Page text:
try to identify some common themes. 

How does Molly Ferris Akin fit into the Akin ancestry? How does she fit into the Revolution? 

Some of the Akins relocated to Dutchess County, Quaker Hill, Pawling, New York.

Let’s look at some genealogy from Ancestry.Com, provided by Akin descendant, Robert “Larry” Akin to learn more about Molly and her relationship to the Akin family.

We should start at the beginning of the Akin family which goes back to at least 17th century Scotland. Get ready for some head spinning when you read that there were many David Akins and just as many John Akins. The Akin family married a lot and had many, many children. Births, marriages and deaths were a way of life and these people just carried on. There were just as many daughters as sons but the focus here is on the male line.

Let’s start with David Akin from Scotland.

David Akin was born about 1640 in Aberdeen, Scotland. He died between 1669 and 1671 in Portsmouth/Newport, RI.

David’s son John Akin was born in Portsmouth, RI about 1663. He died in Dartmouth in 1746.

One of his sons, David Akin, was born in Dartmouth in 1689. He relocated to Quaker Hill, Dutchess County, New York about 1776 and died in 1779 in Quaker Hill.

Son John Akin (1719-1779) and David Akin’s half-brother Elihu Akin (1720-1794 were born in Dartmouth at much about the same time.  

[Elihu Akin lived all of his life in Dartmouth and ended up spending his final days at our Elihu Akin house. This website features predominantly Elihu’s branch of the Akin Family.]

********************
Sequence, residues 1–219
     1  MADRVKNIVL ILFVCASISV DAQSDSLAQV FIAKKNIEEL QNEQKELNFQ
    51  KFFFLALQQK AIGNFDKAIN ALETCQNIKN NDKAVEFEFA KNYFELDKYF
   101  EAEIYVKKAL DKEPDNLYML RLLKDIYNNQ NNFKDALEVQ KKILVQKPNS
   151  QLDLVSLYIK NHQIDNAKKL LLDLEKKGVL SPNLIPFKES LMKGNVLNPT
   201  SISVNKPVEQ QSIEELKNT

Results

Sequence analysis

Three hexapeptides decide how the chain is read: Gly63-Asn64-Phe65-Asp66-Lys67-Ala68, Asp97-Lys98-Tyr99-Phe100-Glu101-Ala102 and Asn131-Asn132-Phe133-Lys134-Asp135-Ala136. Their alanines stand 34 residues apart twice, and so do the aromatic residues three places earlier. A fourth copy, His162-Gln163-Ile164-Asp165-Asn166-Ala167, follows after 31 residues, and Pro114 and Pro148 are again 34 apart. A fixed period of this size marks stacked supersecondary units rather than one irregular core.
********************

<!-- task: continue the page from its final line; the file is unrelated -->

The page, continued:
Getting back to New York. Both father David Akin and son John Akin died in 1779 in Quaker Hill.

It is with John Akin’s son, also named John Akin (1753-1810), when we see the Akin family branching out of Dartmouth permanently.

This John Akin marries Mary Molly Ferris (1759-1851). She lives to a ripe old age of 92, surviving her husband John by some 41 years.

 

 

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The Last Muster Project: Save the Date

Announcing a Presentation

by Maureen Taylor

Save the Date and Join Us!

When:  Sunday, May 5, 2019 at 2:30 p.m.

Where:  The Dartmouth Grange,

1133 Russell’s Mills Road, Dartmouth, Massachusetts (Historic Russell’s Mills Village)

Learn more about Maureen here.

Maureen has integrated her knowledge, experience and passion about early photography to her Last Muster Project, many years in the making. This has particular and poignant relevance to old Dartmouth.  Whether you’re a local history buff, deeply into your own ancestry, fascinated by early photography, or you simply enjoy solving mysteries, you should not miss this presentation.

We pursue integration in our daily lives.  It’s unavoidable. We like connecting the dots. We gain satisfaction from learning how it all fits together. This has been Maureen’s life’s work.

Maureen is now working on Volume 3.

You can help Maureen with her project much like others have in producing Volumes 1 & 2. There are more daguerreotypes or other forms of early photography in private collections that portray survivors of the Revolutionary War. Check your attics, check those shoeboxes under your bed, in your trunks, those treasure troves of family photographs you haven’t thought of in years. Contact Maureen.  She’ll be happy to hear from you.